Scathing remarks directed at Special Counsel Robert Mueller’s Russia probe by John Dowd, President Trump’s previous criminal defense legal representative, are understandably drawing attention. I am less interested in the ad hominem than in the prominent issues Dowd has raised.

Dowd described Mueller’s examination as a “terrible waste of time,” recommending that there are no crimes and that the exercise was one of score-settling for “a cabal in the FBI” opposed to the president.

For that reason, the legal representative anticipates that the unique counsel’s much-anticipated last report will never ever emerge, a minimum of for public intake. “I will be shocked,” Dowd declaimed, “if anything relating to the president is revealed besides, ‘We’re done.'”


This brings to the fore some legal problems worth figuring out.

Initially, there certainly will be a last report by the unique counsel. The regulations governing unique counsel appointments by the Justice Department state: “At the conclusion of the Special Counsel’s work, she or he will provide the Chief law officer with a personal report discussing the prosecution or declination choices reached by the Special Counsel.”

Note both that the special counsel’s report need to explain his charging choices to the lawyer general which the report need to beprivate.

Even if, as I anticipate, the special counsel finds there is no basis to submit criminal charges versus the president, an explanation of that choice would be needed. However it would be an explanation for the attorney general of the United States’s eyes just.

It is the policy of the Justice Department not to speak openly about the proof against uncharged persons.

Remember that when FBI Director James Comey was dismissed, based in part on a memorandum composed by Deputy Chief law officer Rod Rosenstein (who supervised the Mueller investigation for over a year), the primary condemnation of Comey involved his public revelation of the evidence in the Hillary Clinton email investigation– notwithstanding that Clinton had actually not been charged with a criminal activity.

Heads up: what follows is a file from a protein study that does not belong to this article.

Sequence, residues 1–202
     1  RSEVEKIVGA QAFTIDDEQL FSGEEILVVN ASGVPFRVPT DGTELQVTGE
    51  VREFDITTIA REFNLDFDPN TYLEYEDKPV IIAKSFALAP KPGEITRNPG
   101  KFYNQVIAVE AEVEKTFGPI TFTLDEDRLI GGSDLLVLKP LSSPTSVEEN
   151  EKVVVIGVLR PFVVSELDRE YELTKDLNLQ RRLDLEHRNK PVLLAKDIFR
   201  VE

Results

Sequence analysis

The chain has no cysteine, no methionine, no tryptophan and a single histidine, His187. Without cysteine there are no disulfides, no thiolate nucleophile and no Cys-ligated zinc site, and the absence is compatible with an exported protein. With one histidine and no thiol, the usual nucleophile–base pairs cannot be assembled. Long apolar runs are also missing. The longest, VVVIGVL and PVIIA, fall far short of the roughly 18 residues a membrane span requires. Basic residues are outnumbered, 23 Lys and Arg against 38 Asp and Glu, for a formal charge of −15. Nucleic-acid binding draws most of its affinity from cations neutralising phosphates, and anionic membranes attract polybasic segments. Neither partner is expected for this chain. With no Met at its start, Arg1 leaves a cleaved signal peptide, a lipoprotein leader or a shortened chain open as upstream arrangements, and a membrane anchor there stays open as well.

There is hence a great chance that Dowd is appropriate that Mueller’s report will not result in any declaration about the president aside from that the examination is closed.

Subsequently, even if the special counsel guidelines did not mandate confidentiality, ordinary Justice Department standards versus public commentary about uncharged individuals would do so. (Obviously, when individuals are charged, the indictments normally promote themselves.)

There is thus a great chance that Dowd is correct that Mueller’s report will not lead to any statement about the president aside from that the examination is closed.

In fact, the Justice Department normally will not even verify or reject the existence of an investigation, so it may not even acknowledge the closing of the case– although it should do so in this circumstances, not least because the Justice Department and FBI gratuitously revealed, in Comey’s March 2017 Home statement, that the Trump project was under investigation for possible “coordination” in Russia’s election meddling.

If you are going to create the impression that someone is a suspect, you owe it to that individual to correct the impression if the case is closed without charges.

Even if there are no charges, that does not suggest Mueller’s overall investigation has actually been a waste of time. Mueller, after all, was not assigned a criminal examination.